Australian researchers have found red seaweed has the ability to reduce cow and sheep methane production by up to 90 per cent when mixed with stock feed.
The findings have led the South Australian Government to recently announce $1.5 million over two years to support the establishment of a commercial seaweed industry in the state.
It says seaweed production could be worth $140 million a year in South Australia with the potential to create 1,200 jobs.
This has also prompted the first licences to establish a commercial seaweed farm to be granted and a partnership between seaweed producers and livestock companies.
Two licences were granted in January to allow a commercial seaweed farm to be established on South Australia’s Yorke Peninsula.
The production leases and licences for 10 hectares within the east Point Pearce intertidal aquaculture zone, and 30 hectares within the west zone have been granted to the Narungga Nation Aboriginal Corporation (NNAC).
NNAC is working in partnership with CH4 Global, a company focused on farming marine seaweeds for commercial purposes to reduce greenhouse emissions in the livestock industry.
Meanwhile, CH4 Global last month announced a world-first agreement to supply enough Asparagopsis seaweed supplement for up to 10,000 head of cattle to an agriculture hub near the South Australian city of Port Pirie.
Cattle are a major contributor to greenhouse gas emissions with every one of the 1.5 billion cows on the planet producing about 100kg of methane a year.
Research by Australia’s peak scientific body CSIRO found that the red seaweed Asparagopsis mixed with regular cattle feed at a rate of 100 grams per cow per day reduced methane production by 90 per cent.
CH4 Global has purchased a licence from patent owners CSIRO, Meat & Livestock Australia and James Cook University and gained regulatory approval for the material to be allowed to sell it in Australia.
The red seaweed will be cultivated by CH4 in South Australia where the company has signed a partnership agreement with the NNAC.
“CH4 believes in circular and regenerative economic principles and is extremely excited by our collaboration and partnership with NNAC,” said CH4 Global CEO and co-founder Steve Meller.
“Working with the Narungga Aboriginal Nation to generate maximum sustainable benefit for its people – jobs, training, and a leadership role in climate mitigation is what CH4 is all about.”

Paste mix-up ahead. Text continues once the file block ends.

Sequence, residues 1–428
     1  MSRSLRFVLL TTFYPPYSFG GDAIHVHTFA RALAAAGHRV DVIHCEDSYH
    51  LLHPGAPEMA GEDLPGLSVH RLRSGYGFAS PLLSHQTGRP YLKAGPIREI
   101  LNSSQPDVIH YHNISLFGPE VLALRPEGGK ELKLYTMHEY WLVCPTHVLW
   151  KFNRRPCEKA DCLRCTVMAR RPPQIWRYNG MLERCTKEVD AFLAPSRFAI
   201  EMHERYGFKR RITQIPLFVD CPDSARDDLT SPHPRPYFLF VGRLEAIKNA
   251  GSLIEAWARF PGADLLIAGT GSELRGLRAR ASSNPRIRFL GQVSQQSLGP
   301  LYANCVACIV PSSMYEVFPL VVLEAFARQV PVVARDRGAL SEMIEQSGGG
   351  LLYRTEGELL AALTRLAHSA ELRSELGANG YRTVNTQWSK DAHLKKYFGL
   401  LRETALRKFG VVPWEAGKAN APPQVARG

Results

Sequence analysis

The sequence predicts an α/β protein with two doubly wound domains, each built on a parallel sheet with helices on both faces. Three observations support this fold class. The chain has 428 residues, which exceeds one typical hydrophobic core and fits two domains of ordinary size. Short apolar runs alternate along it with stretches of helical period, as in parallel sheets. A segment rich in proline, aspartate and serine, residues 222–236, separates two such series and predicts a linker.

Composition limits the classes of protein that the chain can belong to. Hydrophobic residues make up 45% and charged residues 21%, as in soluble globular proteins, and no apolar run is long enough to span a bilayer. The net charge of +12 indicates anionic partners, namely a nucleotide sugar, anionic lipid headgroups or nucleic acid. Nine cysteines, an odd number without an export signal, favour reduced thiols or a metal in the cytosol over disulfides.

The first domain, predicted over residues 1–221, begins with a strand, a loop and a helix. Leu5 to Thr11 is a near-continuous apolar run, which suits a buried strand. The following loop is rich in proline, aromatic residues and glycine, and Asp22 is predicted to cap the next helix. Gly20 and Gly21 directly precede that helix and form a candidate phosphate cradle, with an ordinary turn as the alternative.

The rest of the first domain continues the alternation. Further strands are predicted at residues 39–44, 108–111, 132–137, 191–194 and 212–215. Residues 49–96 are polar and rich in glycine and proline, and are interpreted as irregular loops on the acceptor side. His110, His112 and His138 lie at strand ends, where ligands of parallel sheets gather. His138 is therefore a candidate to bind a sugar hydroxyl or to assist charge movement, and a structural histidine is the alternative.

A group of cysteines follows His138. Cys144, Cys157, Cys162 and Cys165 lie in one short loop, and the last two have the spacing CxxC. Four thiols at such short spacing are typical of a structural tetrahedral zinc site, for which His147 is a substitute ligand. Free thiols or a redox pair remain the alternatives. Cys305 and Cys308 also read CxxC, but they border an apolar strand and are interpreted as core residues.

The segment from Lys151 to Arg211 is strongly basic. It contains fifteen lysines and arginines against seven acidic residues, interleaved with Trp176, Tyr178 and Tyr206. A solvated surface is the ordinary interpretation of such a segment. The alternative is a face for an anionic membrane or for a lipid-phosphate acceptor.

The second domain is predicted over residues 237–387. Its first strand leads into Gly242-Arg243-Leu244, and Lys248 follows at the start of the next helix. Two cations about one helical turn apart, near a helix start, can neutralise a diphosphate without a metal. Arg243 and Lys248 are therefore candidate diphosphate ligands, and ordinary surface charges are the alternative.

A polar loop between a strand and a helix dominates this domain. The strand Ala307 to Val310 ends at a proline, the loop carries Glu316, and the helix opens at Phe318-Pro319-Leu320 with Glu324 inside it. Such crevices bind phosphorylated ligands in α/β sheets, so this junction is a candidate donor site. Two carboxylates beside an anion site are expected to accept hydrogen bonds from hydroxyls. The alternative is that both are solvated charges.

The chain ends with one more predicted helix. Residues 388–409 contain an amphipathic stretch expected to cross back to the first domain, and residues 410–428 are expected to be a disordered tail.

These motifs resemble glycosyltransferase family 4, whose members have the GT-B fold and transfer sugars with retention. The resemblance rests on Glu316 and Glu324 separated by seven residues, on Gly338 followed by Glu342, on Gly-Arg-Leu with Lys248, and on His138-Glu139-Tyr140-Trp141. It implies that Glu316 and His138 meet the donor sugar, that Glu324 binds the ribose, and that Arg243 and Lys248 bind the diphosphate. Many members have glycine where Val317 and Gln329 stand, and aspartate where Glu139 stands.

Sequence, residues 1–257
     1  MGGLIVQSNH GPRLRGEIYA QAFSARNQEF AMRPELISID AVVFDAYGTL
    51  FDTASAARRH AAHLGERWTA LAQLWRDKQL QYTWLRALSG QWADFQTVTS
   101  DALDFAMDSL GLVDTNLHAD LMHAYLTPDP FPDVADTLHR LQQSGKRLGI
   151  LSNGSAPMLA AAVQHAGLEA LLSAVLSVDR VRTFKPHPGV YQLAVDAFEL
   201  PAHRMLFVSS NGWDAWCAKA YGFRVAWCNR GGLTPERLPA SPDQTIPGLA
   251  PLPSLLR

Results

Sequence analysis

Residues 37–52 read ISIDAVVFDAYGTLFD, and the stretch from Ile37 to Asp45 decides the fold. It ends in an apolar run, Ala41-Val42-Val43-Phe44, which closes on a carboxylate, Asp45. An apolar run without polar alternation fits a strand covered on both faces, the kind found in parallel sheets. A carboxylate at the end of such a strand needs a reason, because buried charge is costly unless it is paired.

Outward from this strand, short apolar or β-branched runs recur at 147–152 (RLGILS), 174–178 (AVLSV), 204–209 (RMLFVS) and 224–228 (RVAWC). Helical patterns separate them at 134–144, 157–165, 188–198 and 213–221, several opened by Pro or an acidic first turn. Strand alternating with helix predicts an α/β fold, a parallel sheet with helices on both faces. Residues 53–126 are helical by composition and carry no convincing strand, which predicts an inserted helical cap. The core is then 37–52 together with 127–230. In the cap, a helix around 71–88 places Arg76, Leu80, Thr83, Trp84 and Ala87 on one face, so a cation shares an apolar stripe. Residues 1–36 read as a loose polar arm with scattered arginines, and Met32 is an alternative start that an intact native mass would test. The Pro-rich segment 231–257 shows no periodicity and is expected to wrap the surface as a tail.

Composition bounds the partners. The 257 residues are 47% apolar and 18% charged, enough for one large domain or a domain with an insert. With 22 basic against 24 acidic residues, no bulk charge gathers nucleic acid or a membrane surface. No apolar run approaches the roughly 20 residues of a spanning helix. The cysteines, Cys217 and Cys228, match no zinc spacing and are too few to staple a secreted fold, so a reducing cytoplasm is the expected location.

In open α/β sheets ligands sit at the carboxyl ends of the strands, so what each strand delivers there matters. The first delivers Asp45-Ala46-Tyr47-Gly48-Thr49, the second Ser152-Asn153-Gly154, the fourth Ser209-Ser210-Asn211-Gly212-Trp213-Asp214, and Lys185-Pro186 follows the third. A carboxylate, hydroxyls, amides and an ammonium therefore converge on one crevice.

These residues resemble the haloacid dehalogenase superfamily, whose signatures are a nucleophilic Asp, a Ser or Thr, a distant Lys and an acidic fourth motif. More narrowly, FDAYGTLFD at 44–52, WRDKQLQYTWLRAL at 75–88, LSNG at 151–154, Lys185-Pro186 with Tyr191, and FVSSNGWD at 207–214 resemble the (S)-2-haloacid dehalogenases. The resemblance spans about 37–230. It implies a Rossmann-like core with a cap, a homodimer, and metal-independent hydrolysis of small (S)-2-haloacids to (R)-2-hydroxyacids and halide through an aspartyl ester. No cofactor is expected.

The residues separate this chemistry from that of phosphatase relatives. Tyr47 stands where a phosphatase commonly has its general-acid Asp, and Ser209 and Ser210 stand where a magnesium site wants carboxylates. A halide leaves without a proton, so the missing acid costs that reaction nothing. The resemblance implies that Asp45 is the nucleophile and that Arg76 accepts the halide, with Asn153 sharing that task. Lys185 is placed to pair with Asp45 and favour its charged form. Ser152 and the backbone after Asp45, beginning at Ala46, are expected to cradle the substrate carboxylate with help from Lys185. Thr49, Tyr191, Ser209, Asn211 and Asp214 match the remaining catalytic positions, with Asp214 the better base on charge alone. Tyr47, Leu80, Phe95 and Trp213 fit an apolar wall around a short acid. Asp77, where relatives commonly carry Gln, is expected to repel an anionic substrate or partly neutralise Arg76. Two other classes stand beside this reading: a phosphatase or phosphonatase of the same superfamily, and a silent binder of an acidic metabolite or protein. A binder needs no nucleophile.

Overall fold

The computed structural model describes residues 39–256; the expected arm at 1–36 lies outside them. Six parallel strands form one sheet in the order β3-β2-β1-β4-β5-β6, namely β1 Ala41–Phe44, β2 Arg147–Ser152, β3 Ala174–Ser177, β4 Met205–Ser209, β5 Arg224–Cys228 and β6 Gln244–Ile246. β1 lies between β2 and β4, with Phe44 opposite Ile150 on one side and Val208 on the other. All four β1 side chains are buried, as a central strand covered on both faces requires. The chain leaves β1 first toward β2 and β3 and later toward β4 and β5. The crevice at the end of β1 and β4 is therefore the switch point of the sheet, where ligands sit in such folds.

The first farm at Point Pearce will produce two species of red algae: the warm water species Asparagopsis taxiformis and a cool water species Asparagopsis armata. This will ensure high growth rates throughout the year.
It takes about 45-60 days for a seaweed seedling from the hatchery to grow into a matured plant ready for harvest and processing.
NNAC Chief Executive Officer Klynton Wanganeen said the algae is native to the Narungga Nation’s traditional waters in Gulf St Vincent, which have the perfect climate to grow both cold and warm water varieties of the seaweed.
“We’re in the process of planning and putting in the infrastructure for two one-hectare leases, so that we can start growing with a view to working out the optimal depth for the warm water species,” he said.
CH4 has also applied for 839 ha of potential aquaculture space across three sites in South Australia’s Spencer Gulf, around Port Lincoln in Boston Bay, Louth Bay and Tumby Bay and is looking to establish further farms.
Beyond South Australia, it is anticipated that seaweed-based stock feed supplements will be in strong demand for improved growing rates, particularly in jurisdictions like California where limits have been imposed on livestock emissions.
South Australian Minister for Primary Industries and Regional Development David Basham said the granting of the first licence on Yorke Peninsula was an important first step for the emerging industry.
“These are the first marine algae aquaculture leases and licences issued for South Australia, marking the start of a new sector for our aquaculture industry,” he said.
“This is expected to bring new economic development and employment activity to the Yorke Peninsula region, including local Aboriginal communities.
“This is a great outcome for the social and economic wellbeing of the Narungga people, while also having benefits for the whole state.”